As more and more options for digital payments arise, were moving closer to a cashless society. If your family is anything like mine, you probably don’t use cash often. We keep a little around for emergencies and sometimes pay our date night babysitters in cash. But other than that, almost every expense goes on a credit or debit card, or gets paid through a variety of online transaction options.

A cashless society has some potential benefits, but experts also say we should proceed with caution. People who are unbanked, which means they’re more likely to be low-income, could potentially be left behind in a cashless society. And there are other potential problems with a world with no cash.

While some chains and specific stores are attempting to go cashless, cities like Philadelphia are banning this practice. Philly, at least, sees the potential problems with jumping into a cash-free society too quickly. And with its banning of cashless stores, other city, state, and national governments may also rethink going cashless too quickly.

But even with this slow change, the change is coming. It seems inevitable that our world will eventually be without cash. So it’s best to prepare for that potential reality now. Here are four ways you can begin to prepare for a cash-free life:

1. Keep Physical Records of Your Assets

One potentially big issue with a cashless society is that it depends so heavily on electronic records. And those records can be hacked. So it’s best practice to keep physical, printed copies of records about your assets. That may seem redundant, but it can help you in case of a hack or just a technology glitch.

Related Podcast: The Blue Binder – How to Create a Financial Binder

2. Open Bank Accounts

If you don’t already have bank accounts that you can access with a debit card and manage online, you’re missing out. Without access to a bank account, you could find yourself paying high fees to manage your money in cash. And you may find it increasingly difficult to pay for products and services with cash or even money orders. So if you don’t already have one, get a checking account.

Can’t get a checking account because of negative banking history? You can get a foot into this world with a prepaid credit card. It can come with some fees, but if you find the right card, these fees will likely be lower than the cost you pay to cash checks and otherwise manage cash. And you can use these cards to pay at places that don’t accept cash readily.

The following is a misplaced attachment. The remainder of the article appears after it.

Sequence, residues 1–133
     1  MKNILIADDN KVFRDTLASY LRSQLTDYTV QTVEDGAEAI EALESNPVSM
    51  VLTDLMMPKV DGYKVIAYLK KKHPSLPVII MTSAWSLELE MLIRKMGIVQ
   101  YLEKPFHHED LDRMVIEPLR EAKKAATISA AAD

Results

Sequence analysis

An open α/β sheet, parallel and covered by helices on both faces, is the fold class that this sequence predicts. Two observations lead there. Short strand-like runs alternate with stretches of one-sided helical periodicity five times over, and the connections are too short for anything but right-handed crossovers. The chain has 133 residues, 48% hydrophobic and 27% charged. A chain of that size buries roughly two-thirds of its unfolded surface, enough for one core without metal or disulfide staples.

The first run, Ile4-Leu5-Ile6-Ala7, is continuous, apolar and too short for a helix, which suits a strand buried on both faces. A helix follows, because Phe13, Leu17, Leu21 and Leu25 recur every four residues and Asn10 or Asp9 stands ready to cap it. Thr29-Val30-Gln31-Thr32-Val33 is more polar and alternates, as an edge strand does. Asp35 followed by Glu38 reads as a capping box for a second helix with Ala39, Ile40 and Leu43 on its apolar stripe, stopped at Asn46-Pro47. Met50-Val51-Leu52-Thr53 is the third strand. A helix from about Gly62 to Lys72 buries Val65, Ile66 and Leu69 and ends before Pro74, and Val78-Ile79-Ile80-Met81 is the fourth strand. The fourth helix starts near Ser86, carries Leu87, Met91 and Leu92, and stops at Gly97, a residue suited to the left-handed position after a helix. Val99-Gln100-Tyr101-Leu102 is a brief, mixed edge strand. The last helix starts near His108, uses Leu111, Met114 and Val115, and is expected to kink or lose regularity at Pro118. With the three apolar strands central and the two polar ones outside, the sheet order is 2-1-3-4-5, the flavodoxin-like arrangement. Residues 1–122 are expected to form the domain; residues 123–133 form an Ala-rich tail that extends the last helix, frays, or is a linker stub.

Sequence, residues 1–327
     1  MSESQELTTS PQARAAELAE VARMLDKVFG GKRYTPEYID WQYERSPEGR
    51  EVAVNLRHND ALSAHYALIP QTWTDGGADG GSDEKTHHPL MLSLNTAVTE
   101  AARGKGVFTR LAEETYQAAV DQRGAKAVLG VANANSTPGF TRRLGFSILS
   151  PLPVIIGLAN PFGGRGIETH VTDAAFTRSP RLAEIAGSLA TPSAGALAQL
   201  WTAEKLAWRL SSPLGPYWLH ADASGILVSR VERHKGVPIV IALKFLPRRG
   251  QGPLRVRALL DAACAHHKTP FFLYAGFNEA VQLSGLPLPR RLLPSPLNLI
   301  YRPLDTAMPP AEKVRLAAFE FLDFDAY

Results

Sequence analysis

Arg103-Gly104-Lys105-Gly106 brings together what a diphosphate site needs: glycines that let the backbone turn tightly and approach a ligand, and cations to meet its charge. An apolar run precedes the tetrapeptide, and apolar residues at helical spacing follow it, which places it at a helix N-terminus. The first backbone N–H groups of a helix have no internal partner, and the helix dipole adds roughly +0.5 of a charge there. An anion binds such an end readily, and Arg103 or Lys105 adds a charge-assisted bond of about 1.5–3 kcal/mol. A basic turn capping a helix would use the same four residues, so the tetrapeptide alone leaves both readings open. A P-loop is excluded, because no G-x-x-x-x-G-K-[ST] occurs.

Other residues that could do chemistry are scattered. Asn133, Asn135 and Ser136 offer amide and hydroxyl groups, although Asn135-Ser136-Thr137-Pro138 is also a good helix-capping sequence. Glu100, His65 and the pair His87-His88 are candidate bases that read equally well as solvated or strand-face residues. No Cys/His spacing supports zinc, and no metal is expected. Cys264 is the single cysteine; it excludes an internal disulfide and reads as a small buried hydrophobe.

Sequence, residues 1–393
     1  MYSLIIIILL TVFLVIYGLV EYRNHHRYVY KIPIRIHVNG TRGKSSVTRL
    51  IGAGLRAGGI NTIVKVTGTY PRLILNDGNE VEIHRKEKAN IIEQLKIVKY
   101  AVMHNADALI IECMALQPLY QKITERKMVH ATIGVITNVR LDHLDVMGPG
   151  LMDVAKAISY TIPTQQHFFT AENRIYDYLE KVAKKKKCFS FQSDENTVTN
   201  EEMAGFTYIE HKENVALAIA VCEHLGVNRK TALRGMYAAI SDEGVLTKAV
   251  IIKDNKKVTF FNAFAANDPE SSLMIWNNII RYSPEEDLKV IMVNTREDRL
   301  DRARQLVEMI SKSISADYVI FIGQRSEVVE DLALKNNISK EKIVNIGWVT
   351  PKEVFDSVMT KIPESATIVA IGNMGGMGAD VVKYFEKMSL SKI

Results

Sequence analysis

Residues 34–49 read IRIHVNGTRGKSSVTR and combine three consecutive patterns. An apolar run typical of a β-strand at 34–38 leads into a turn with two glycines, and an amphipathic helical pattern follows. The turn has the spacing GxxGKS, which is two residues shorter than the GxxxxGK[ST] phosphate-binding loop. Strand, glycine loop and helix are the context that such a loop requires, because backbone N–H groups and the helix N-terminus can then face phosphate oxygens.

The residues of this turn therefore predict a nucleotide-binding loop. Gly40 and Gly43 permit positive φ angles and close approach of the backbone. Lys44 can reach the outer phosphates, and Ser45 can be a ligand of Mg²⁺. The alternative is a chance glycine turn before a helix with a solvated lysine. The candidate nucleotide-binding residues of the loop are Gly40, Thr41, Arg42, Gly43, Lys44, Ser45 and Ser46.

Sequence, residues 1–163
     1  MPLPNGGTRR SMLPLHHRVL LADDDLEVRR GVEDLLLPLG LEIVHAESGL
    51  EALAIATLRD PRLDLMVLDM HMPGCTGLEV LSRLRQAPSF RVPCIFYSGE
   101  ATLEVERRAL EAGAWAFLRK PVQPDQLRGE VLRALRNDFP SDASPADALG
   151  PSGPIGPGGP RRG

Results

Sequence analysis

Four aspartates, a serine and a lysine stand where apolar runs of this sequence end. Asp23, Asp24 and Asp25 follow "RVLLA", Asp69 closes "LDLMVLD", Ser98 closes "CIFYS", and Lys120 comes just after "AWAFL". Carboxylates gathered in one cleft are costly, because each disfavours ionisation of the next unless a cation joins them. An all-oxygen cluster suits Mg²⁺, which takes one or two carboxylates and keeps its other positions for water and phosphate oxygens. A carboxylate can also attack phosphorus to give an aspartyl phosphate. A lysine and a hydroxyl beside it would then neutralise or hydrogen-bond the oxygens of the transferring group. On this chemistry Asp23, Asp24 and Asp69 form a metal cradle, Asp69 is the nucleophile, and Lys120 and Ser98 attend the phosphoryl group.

3. Get On a Budget

There’s a reason Dave Ramsey and similar financial gurus recommend the cash-based envelope budgeting system. It tends to work. When you have to spend physical cash, you are more aware of what you’re spending. And when you have a set amount of cash to spend for a time period, you know exactly how much is left.

But that’s not to say you can’t successfully budget without using cash. You just need a system that works for you, and you need to use it regularly. So if you don’t already have an electronic or paper-and-pen budgeting system in place, now is the time to get one. Here’s a quick tutorial on how to start a very simple budget.

Resource: 12 Online Budget Tools

4. Prepare Your Business

If you’re a small business owner, entrepreneur, or freelancer, it’s even more important that you start preparing for a cashless society. If you cant already take non-cash payments, now is the time to make it happen. And, really, taking credit and debit card payments has never been easier. Now you can take payments with a device you hook up to your ubiquitous smartphone, which is super simple.

Yes, taking plastic payments will come with some fees for your business. But it can also make budgeting and accounting simpler, since you can hook up your processing system to your accounting system. And taking non-cash payments may bring you new customers who would pass you by if you only accepted cash, which so many people just don’t carry anymore.

Bottom Line

Overall, getting ready for a cashless society is simply about making smart moves with your money and money management skills. As long as you can document what’s yours, manage your money well through electronic means, and take payments without cash as a business owner, you should be good to go with the direction our society is moving.


  • Abby Hayes

    Abby is a freelance journalist who writes on everything from personal finance to health and wellness. She spends her spare time bargain hunting and meal planning for her family of three. She has a B.A. in English Literature from Indiana University Purdue University Indianapolis, and lives with her husband and children in Indianapolis.